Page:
2016 Hyundai Sonata Sport 2.0T
Class: Midsize Car
Dates tested: 12/28/2015 – 1/11/2016
Miles Driven: 454
Fuel Used: 20.3 gallons
Real-world fuel economy: 22.3 mpg
Driving mix: 60% city, 40% highway
EPA-estimated fuel economy: 16/22/18 (city, highway, combined)
|CG Report Card|
|Report-card grades are derived from a consensus of test-driver evaluations. All grades are versus other vehicles in the same class. Value grade is for specific trim level evaluated, and may not reflect Consumer Guide's impressions of the entire model lineup.|
|Room and Comfort||A-|
|Power and Performance||B|
|Fit and Finish||B-|
Base price: $28,925 (not including $835 destination charge)
Options on test car: None
Price as tested: $29,760
The great: Visibility, control layout
The good: Responsive powertrain, passenger room
The not so good: Mediocre fuel economy, ride quality
Check out Consumer Guide’s Midsize Car Best Buys
The Hyundai Sonata may be the blind date of midsized sedans. You might initially resist getting involved with it, perhaps you’ll come to like it, but can you fall madly in love with it?
There are a lot of fish in this sea, so an intermediate really has to put on its best face to attract a mate. (That’s you.) Anybody who has shopped in the segment knows there are a few alluring “crushes” on the market that never seem to lack for suitors. The Sonata would like to be one of them.
It’s almost there. There are plenty of practical things about the midsize Hyundai that could lead to a stable, long-term relationship (how about that warranty, huh?) but maybe not enough, uh, fireworks.
The Sonata was completely redone for 2015, and sees little in the way of change for ’16. Indeed, the Sport 2.0T that Consumer Guide® tested seemed to differ from the same model it sampled a year ago only in base price and equipment availability.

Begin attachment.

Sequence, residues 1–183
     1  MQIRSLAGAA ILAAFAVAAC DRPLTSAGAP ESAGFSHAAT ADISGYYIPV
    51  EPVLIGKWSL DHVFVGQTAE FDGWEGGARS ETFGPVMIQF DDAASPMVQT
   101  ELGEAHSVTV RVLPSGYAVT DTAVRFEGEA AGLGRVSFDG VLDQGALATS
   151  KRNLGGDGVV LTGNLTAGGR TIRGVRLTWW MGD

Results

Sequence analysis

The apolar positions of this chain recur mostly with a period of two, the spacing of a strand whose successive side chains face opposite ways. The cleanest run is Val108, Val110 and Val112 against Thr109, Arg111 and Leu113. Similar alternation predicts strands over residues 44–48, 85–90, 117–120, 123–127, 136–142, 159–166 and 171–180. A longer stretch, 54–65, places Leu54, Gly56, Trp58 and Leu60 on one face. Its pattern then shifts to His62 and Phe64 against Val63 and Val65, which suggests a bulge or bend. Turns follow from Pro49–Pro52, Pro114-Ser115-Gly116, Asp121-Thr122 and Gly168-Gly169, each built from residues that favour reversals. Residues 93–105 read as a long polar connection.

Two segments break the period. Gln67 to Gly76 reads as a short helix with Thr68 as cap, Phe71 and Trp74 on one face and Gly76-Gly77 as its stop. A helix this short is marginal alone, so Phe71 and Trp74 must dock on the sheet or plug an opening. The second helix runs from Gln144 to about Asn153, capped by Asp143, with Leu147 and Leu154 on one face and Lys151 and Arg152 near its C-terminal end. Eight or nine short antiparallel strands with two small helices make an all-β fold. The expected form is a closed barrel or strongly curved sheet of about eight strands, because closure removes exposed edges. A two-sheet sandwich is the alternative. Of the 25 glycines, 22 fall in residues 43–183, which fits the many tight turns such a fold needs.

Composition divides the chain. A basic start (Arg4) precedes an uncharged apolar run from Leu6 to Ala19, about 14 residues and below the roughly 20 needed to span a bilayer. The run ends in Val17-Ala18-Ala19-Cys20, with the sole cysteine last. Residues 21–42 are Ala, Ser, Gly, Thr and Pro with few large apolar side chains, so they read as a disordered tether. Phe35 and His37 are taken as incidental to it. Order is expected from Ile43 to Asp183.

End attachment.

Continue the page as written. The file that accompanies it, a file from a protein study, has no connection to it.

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The “2.0T” part refers to the 2.0-liter 4-cylinder engine with a twin-scroll turbocharger that makes 245 horsepower and 260 lb-ft of torque. That’s the key thing that distinguishes it from the Sport with a naturally aspirated 2.4-liter 185-hp four. It’s not the only thing, though. Here’s what’s standard on the $28,925 Sport 2.0T that’s not on the $23,400 Sport: sport suspension, sport-tuned steering with rack-mounted power-steering motor, 18-inch alloy wheels and wider tires, blind-spot detection with rear cross-traffic alert and lane-change assist, hands-free “smart” trunk release, lighted chrome exterior door handles, rear diffuser, chrome-tipped quad exhaust, xenon headlights, LED taillights, proximity key with push-button starting, dual-zone temperature control, rear-seat climate-system vents in the back of the center console, automatic down/up driver’s-side power window, heated front seats, leather seats with sport bolsters, contrast stitching on seats and leatherette door inserts, “3D tech”-material accents on the doors and dash, premium door-sill plates, bright-metal interior door handles and pedal faces, leather-wrapped shift knob and flat-bottom steering wheel, paddle shifters, and an auto-dimming rearview mirror with remote garage-door opener and compass.